And another example is, as Iphicrates argued, that the best person is the most noble; for there was no noble quality in Hamodius and Aristogiton until they did something noble, while he himself was more like them than his opponent was: At least, my deeds are not like those of Hamodius and Aristogiton than yours are. From this account of Aristotelian rhetorical theory, we can appreciate why the use of a definition or of emotive language to construct an argument needs to be backed by evidence, whereas this need may be masked by strategic manipulations.

1.2 The dialectical Latin tradition In the early Latin tradition we find an analogous account of the manipulative use of words. In the Rhetorica ad Herennium, Cornificius distinguishes between the use of emotive words and the construction of false definitions to attribute a word to a subject. In this work, the treatment of definition is placed into the second stage of the ideal subdivision of an argumentative discussion, namely the definitive stasis (issue). This dialogical level is concerned with the classification of the fragment of reality relevant to the standpoints. On the other hand, the emotive words are discussed in the stasis of qualification, in which the facts, already classified, are assessed, qualified and compared with other deeds. In the status (or issue) of qualification, if applied to legal discussions, the prosecutions purpose is to cause indignation with a view to lead the judge to condemn the defendant. The defense aims at showing that it was not the plaintiffs fault, or that the plaintiff had no intention of acting in such a way, or that

6 he did not want such a consequence to occur1. While the accusation depicts the alleged fact as discreditable by means of indignant language, the defense presents that same fact as not discreditable, usually by looking at the circumstances in which it occurred and to the intentions of the defendant (Cicero De Inventione, II, 33). The most common strategies available to the prosecution are the use of indignant language, the exaggeration of the offenses, and the qualification of facts that are still matter of dispute. In these dialogical situations the emotive use of language based on argument from values plays a crucial role, as analyzed in section 3. A clear example of the argumentative function of indignant language can be found in the Rhetorica ad Herennium (II, 49):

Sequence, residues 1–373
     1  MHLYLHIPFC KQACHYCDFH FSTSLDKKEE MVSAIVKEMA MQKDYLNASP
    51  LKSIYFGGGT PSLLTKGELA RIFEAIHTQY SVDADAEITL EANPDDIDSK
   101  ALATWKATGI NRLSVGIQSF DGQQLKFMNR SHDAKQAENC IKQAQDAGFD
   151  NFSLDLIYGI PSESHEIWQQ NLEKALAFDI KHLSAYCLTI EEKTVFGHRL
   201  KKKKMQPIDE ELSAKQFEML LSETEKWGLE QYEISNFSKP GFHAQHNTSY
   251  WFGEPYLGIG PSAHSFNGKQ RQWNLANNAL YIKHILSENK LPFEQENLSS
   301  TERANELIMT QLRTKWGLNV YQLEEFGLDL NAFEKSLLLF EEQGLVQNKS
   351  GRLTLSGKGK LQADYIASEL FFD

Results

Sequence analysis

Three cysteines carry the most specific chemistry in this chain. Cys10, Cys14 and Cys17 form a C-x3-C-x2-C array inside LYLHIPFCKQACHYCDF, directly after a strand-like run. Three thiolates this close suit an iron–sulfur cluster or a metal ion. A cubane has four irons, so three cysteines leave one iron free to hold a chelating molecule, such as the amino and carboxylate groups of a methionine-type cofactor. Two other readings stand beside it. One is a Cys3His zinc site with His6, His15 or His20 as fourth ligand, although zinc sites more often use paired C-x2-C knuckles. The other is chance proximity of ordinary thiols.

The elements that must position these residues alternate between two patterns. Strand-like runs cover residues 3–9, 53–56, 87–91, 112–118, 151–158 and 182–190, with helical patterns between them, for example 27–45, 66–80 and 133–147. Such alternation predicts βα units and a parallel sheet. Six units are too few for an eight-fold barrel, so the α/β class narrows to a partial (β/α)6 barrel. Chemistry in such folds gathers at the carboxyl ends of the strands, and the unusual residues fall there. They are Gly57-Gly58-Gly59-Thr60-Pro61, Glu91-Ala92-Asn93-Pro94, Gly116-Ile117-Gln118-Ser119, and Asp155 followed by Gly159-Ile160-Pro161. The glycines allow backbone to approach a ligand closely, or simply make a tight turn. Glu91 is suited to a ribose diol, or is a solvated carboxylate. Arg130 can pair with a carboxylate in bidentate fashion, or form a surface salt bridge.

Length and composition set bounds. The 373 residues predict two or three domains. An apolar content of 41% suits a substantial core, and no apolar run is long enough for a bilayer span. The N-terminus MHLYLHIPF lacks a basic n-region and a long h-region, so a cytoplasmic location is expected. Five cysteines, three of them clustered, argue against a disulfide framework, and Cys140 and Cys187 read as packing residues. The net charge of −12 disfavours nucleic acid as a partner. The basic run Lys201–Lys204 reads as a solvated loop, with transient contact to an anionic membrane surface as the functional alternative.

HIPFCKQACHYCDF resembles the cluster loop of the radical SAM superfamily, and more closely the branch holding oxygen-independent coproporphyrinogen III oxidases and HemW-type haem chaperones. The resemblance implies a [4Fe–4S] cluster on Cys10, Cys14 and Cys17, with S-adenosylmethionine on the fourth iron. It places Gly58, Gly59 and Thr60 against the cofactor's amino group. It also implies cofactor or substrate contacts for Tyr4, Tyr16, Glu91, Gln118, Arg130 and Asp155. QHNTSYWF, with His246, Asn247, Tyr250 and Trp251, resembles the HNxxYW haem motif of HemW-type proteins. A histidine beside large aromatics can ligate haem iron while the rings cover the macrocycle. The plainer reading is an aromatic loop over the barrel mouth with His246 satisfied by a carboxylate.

By means of the seventh commonplace we show it is a foul crime, cruel, sacrilegious, and tyrannical; such a crime as the outraging of women, or one of those crimes that incite wars and life-and-death struggles with enemies of the state.

Here indignant language is used to move the affections of the hearers and support the judgment. This move can be used to rebut an appeal ad misericordiam, by exaggerating the offences (De Inventione, II, 36):

But the adversary will exaggerate the offences; he will say that nothing was done ignorantly, but that everything was the result of deliberate wickedness and cruelty. He will show that the accused person has been pitiless, arrogant, and (if he possibly can) at all times disaffected, and that he cannot by any possibility be rendered friendly

These strategies can be associated with fallacious moves. Cicero observes that sometimes terms can be redefined by using dubious or unacceptable definitions, slanting the meaning of the term itself by adding emotional charge. Moreover, on
Compare also to Cicero's On Invention: And the offence of which he is now accused must be extenuated and made to appear as trifling as possible; and it must be shown to be discreditable, or at all events inexpedient, to punish such a man as he is. (Cicero, De Inventione, II, 35).

7 his view, indignant terms can be also used to describe a situation which is still in dispute, and whose characteristics are not shared by the interlocutors. In this case, the pre-requisite for the attribution of a predicate, that is the agreement on the fundamental features presupposed by the predicate, fails and the move appears as unreasonable. For instance we can consider the following case (Cicero, De Inventione I, 49):